South Africa is one of the most sophisticated and promising emerging markets. With its world-class research and development and an impeccable financial infrastructure, South Africa is the economic powerhouse of the African continent with a GDP of R2.3 trillion (US$309bn), or 30% of total African GDP.
According to the World Economic Forum’s Global Competitiveness Report of 2012/2013, South Africa ranked 52nd out of 144 countries, highlighting the attractiveness of its market in comparison to other global emerging markets. It is also becoming one of the most popular trade and investment destinations in the world, with the government ensuring that it can meet the specific trade and investment requirements of prospective investors.
The potential of the South African economy is evident in the diversity of sectors and industries present in the country. It offers world-class clusters in environmental technologies, ICT, transport equipment, creative industries and financial services. South Africa leads the continent in industrial output and mineral production, and it is also where over 50% of Africa’s electricity is generated.
Additionally, South Africa possesses a large resource base of skilled, semi-skilled and unskilled labour. This has led the government to introduce wide-ranging legislation to promote training and skills development and fast track the building of world-class skills and competences. Labour costs in the country are also low: for professional jobs, wages are less than half of the European average, while manufacturing costs are just 1/3 of those in Europe.
There are also many incentives for investing in South Africa. For example, in October 2012, the Nelson Mandela Bay Municipality in the Eastern Cape province offered discounted rates, electricity and services for companies that brought new investments into Port Elizabeth. The investment incentives are aimed at lowering the costs of setting up a business in the Bay, creating an attractive trade and investment environment. The South African government has taken on the responsibility to create an environment that enables businesses to thrive, while the private sector is expected to continue to create jobs.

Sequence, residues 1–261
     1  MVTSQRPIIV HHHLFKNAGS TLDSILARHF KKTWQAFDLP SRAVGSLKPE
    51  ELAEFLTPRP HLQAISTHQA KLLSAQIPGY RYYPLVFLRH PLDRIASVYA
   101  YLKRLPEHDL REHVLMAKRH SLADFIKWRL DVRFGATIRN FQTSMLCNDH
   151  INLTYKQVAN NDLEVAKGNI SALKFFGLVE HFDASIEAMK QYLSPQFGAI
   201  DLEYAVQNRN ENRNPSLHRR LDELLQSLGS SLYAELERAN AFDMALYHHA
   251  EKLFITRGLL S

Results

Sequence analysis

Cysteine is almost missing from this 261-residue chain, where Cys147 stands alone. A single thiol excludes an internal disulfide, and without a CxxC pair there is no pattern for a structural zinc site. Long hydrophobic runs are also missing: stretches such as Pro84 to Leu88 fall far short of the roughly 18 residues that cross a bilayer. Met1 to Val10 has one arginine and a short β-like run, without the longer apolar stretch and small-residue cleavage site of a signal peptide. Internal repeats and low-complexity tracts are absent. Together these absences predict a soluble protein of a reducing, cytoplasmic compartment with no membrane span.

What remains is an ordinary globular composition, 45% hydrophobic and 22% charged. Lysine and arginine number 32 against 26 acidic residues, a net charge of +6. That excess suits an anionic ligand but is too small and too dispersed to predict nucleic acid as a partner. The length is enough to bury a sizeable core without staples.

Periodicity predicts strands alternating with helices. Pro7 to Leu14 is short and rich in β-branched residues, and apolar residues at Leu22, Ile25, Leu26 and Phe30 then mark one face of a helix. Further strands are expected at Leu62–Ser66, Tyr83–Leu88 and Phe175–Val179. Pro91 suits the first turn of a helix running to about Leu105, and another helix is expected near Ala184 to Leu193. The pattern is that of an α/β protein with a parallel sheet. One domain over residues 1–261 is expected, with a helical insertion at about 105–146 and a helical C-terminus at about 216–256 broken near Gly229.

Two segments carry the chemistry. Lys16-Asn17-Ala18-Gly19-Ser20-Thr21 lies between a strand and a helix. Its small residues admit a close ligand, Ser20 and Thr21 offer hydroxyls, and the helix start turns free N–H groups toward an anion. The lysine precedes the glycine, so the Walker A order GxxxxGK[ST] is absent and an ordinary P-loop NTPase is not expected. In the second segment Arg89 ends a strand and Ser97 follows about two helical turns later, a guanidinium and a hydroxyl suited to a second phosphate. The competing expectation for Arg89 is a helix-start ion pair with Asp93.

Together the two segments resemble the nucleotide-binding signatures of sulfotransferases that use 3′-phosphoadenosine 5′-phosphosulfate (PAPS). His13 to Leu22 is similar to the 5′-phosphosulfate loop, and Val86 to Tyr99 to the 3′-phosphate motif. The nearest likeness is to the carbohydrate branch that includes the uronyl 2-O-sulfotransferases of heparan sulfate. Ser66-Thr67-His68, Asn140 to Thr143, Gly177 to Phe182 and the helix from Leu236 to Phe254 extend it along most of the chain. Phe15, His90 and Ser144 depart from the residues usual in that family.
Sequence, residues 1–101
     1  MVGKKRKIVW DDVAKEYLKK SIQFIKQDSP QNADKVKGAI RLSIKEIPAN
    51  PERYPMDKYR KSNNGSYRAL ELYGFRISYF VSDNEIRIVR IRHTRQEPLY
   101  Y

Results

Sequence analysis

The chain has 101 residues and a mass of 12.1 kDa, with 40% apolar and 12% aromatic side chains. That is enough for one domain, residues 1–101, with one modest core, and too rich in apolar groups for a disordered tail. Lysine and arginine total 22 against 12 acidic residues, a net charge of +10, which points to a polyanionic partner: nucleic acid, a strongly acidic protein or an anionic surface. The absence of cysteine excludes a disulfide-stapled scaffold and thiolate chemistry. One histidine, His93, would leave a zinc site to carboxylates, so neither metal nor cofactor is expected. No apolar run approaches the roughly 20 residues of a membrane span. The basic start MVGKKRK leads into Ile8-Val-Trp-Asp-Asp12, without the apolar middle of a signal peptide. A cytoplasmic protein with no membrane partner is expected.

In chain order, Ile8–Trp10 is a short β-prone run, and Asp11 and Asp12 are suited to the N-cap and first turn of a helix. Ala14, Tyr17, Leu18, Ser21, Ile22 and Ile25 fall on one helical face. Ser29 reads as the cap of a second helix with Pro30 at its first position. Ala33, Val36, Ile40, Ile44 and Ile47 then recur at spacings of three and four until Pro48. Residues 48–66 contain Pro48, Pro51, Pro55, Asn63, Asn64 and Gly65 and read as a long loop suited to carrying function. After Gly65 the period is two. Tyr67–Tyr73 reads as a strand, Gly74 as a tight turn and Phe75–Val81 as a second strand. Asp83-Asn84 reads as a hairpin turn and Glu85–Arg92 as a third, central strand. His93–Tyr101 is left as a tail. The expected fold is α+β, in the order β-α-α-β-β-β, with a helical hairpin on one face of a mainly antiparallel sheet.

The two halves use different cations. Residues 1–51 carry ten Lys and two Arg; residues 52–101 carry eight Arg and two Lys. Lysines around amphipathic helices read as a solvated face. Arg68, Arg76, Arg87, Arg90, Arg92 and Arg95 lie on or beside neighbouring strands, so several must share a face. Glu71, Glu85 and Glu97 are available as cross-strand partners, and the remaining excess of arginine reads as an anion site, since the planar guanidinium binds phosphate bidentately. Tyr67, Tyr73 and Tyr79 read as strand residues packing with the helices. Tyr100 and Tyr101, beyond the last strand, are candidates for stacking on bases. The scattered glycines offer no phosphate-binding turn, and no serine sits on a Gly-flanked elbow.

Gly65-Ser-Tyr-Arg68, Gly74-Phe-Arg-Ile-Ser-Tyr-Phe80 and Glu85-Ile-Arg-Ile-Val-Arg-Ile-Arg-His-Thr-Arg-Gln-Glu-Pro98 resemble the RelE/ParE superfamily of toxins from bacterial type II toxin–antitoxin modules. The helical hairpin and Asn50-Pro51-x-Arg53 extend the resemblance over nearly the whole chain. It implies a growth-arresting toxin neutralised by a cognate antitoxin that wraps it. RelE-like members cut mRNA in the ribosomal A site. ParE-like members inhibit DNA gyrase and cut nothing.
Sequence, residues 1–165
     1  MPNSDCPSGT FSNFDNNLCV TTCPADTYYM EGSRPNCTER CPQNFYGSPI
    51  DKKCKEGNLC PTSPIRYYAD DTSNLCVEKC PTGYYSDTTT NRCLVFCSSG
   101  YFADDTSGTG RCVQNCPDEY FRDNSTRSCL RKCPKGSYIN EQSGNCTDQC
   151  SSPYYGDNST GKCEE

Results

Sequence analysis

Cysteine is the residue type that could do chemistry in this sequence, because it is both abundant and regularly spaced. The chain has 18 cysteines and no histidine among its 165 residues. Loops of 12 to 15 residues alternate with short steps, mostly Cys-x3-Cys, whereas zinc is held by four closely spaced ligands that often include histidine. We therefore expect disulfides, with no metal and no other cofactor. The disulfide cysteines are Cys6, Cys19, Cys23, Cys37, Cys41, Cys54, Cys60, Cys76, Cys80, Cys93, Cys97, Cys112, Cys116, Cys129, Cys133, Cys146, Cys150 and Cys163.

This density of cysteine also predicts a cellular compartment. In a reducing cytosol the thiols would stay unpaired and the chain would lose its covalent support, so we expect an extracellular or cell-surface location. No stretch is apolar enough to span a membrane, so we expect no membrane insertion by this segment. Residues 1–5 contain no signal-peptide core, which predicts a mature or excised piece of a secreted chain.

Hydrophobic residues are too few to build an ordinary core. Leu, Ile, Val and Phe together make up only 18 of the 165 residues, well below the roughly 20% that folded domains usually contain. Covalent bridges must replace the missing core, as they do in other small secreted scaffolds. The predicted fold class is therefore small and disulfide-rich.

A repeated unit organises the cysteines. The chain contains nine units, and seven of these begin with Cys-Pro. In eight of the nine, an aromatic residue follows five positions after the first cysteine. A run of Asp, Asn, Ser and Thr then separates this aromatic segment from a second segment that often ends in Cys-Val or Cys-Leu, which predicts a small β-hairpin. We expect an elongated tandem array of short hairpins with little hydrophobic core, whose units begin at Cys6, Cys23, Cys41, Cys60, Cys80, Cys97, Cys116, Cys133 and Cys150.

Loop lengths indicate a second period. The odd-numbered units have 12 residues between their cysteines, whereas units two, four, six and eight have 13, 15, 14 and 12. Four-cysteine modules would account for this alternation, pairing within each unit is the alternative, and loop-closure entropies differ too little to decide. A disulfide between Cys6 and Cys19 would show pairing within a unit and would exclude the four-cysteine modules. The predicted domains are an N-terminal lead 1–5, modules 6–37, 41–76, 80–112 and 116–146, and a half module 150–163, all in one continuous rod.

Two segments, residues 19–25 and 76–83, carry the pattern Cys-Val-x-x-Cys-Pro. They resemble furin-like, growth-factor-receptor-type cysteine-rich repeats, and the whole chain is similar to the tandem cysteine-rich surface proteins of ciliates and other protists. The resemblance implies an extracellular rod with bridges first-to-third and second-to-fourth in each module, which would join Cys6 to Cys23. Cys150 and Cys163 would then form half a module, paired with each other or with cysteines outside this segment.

If you are looking to register a company in South Africa, there are many ways for you to do so. The most popular way has been to operate through a “close corporation,” which is similar to a limited liability corporation, and provides quite a bit of flexibility for small business owners. However, since May 2011, it has been impossible to incorporate a close corporation, though many such firms still exist. An alternative would be to incorporate a private company, which provides its shareholders with limited liability, allows for easy transfer of ownership, and makes it easier for the firm to raise capital.
If you have done business in South Africa, let us know about your experiences in the comments section. And if you haven’t, but are thinking about South Africa company registration, we would be very happy to assist you.